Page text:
As I follow the recent controversy over naming, identity, and cultural representation connected with the NFL’s Washington football team’s nickname and mascot, “Redskins,” I am surprised and confused that there is such vocal resistance to changing the name not just a few deem a racial slur that offends (http://www.huffingtonpost.com/tag/washington-redskins-name-controversy).
Particularly disturbing is NFL Washington franchise owner Daniel Snyder’s defiance: “We’ll never change the name. It’s that simple. NEVER — you can use caps.” Polling fans to gauge who is and who is not offended, as did Snyder’s camp, misses the point. Cultural awareness and sensitivity is not about numbers but about perspective; not about how many fans and non-fans are offended, but rather that folks are offended. This controversy is also not about whether or not all American Indians are offended. They are, and that matters.
Reporter William C. Rhoden’s assessment of this defiance is spot on: “Refusal to change an offensive name is emblematic of our society’s tendency to wrap ourselves in the armor of self-interest regardless of who might be wounded or offended.”
To respond that “folks shouldn’t be offended” because it is team “tradition” does not acknowledge the impact of words and names. U.S. Supreme Court Associate Justice Oliver Wendell Holmes, Jr. says that “a word is … the skin of a living thought and may vary greatly in color and content according to the circumstances and time in which it is used.”
Taking pride in one’s heritage is one thing; romanticizing about another’s culture is a nostalgia that dehumanizes and mocks: http://www.ohio.edu/orgs/stars/Poster_Campaign.html. There is indeed offense to be taken with other college and high school team names and mascots and the accompanying Tomahawk chop gestures and visual reenactments by unthinking or unaware “Braves,” “Chiefs,” and “Indians” fans whose performances are not about respect and heritage but about fun and team spirit. When fans paint their faces and bodies red with exaggerated features to represent deeply offensive Hollywood images of American Indians, someone needs to listen to these concerns: http://hardballtalk.nbcsports.com/2013/10/03/stay-classy-indians-fans-who-paint-their-faces-with-racist-caricatures/.
The fact that some American Indians are not offended by these cultural reductions does not negate the legitimate concerns of the National Congress of American Indians (NCAI): “The Redskins’ trademark is disparaging to Native Americans and perpetuates a centuries-old stereotype of Native Americans as ‘blood-thirsty savages,’ ‘noble warriors’ and an ethnic group ‘frozen in history.’” Ray Halbritter, an Oneida Indian, clarifies: “We no longer want to be treated as targets of racial slurs. We don’t want our children to be treated as targets of racial slurs. We want to be treated as what we are: Americans.” NCAI cites research on the impact these images and behaviors have on Native American children: “Indian-based names and mascots lower the self-esteem of Native American children and perpetuates an inaccurate view of Native American culture.”
History affords myriad examples of how non-white bodies have and continue to be treated and mistreated because of skin color. Renaming the Crayola color of “Indian red” to chestnut in 1999, and recognizing that “flesh tone” bandages, nylons, and makeup exclude darker-hued persons indicates a willingness to recognize the issue in arenas in which we are not emotionally invested. While changing any aspect of a treasured sports tradition is difficult and emotionally costly for some, continuing traditions that threaten measures of progress and undermine cultural understanding is equally important.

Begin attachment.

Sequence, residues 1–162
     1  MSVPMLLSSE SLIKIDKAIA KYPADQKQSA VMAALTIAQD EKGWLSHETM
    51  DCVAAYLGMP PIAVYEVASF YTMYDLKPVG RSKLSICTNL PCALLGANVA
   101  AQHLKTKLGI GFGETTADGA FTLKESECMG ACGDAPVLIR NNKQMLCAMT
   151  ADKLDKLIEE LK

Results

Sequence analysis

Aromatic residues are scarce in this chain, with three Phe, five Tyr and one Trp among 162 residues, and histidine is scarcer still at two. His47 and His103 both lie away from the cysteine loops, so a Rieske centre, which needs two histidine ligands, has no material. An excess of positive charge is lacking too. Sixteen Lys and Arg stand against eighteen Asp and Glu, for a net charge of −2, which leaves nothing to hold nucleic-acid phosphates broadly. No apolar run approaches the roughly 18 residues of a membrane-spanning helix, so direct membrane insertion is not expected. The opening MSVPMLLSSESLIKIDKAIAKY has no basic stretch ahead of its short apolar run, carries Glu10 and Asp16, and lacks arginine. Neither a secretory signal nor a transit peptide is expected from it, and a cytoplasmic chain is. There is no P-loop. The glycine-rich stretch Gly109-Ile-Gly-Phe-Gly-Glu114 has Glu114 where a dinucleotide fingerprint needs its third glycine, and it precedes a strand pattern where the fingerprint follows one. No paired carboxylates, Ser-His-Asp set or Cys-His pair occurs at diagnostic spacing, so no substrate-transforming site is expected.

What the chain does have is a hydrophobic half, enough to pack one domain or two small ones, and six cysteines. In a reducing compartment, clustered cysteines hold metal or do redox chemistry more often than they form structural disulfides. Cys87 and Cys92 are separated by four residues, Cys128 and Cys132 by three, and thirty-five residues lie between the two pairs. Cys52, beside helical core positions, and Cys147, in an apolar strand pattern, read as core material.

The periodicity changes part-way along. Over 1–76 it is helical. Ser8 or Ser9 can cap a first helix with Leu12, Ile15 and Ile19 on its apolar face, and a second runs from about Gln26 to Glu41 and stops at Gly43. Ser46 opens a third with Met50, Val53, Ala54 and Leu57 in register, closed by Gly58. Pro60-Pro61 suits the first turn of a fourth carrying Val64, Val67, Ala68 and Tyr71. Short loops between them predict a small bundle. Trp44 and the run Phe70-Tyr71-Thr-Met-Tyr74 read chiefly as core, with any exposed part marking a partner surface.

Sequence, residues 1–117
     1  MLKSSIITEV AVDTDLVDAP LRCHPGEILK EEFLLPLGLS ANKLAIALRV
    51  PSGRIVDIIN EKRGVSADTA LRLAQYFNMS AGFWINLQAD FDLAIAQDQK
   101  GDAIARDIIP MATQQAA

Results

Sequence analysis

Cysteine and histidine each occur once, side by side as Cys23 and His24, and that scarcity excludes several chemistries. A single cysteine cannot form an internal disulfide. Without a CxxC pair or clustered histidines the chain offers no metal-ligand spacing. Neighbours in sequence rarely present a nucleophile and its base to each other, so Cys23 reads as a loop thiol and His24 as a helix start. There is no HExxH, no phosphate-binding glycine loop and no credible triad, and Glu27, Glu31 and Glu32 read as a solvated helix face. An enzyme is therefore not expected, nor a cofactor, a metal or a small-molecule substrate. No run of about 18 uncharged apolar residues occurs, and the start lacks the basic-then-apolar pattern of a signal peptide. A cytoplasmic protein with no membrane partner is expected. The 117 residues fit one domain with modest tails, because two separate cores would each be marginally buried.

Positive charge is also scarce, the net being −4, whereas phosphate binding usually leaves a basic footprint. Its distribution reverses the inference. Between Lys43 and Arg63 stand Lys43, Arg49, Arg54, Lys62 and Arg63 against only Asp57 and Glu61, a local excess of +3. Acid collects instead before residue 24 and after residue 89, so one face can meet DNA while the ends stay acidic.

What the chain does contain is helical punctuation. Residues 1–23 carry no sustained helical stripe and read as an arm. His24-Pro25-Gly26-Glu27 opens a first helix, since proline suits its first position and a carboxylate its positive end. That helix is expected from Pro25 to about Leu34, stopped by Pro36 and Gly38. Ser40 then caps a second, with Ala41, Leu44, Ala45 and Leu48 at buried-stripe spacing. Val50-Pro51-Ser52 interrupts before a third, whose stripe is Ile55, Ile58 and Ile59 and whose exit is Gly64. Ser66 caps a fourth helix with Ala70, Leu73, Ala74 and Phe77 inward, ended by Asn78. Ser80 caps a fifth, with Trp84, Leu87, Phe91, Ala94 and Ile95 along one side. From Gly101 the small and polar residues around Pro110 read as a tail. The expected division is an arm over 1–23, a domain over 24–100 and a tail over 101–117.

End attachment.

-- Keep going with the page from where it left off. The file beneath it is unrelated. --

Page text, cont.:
Attorney Atticus Finch’s advice to his young daughter Scout in Harper Lee’s “To Kill a Mockingbird” is appropriate to this particular moment: “You never really understand a person until you consider things from his point of view — until you climb in his skin and walk around in it.” To follow this advice does not mean painting faces and bodies and dressing in cultural costumes: “Cultural Appropriation and Racial Stereotyping in the 2013 Mummers Parade:” http://www.youtube.com/watch?feature=player_embedded&v=85jzJkYgFKg. Surely, those aware of the 1800s American minstrelsy tradition of mostly white men in blackface mocking blacks — think Al Jolson in “The Jazz Singer” (1927) http://www.youtube.com/watch?v=PIaj7FNHnjQ — see this “redfacing” also as cultural insult that belittles and degrades.
This “Redskins” conversation invitates a re-thinking of past neglects and insensitivity. Practicing and promoting cultural sensitivity, cultural literacy, and cultural awareness needn’t be casually dismissed as “hypersensitivity,” political correctness gone amuck, or abandoning meaningful traditions but rather respect for cultural difference.
Halloween has passed, but as Americans navigate Thanksgiving, perhaps this conversation will give pause to common public school reenactments between the Pilgrims and the Native Americans, or Spirit Day dress up as “Cowboys vs. Indians” (http://www.myfoxphoenix.com/story/23785434/2013/10/24/cowboys-vs-indians-spirit-day-offends-students), or Fun World’s costume wigs like “Native Warrior Perruque de Guerrier” and “Indian Maiden.” We might well re-think childhood innocence when we sang and taught our children the song “Jesus loves the little children, all the children of the world — red and yellow, black and white...”
• Ahwatukee resident Neal A. Lester, PhD, is foundation professor of English and director of Project Humanities at Arizona State University.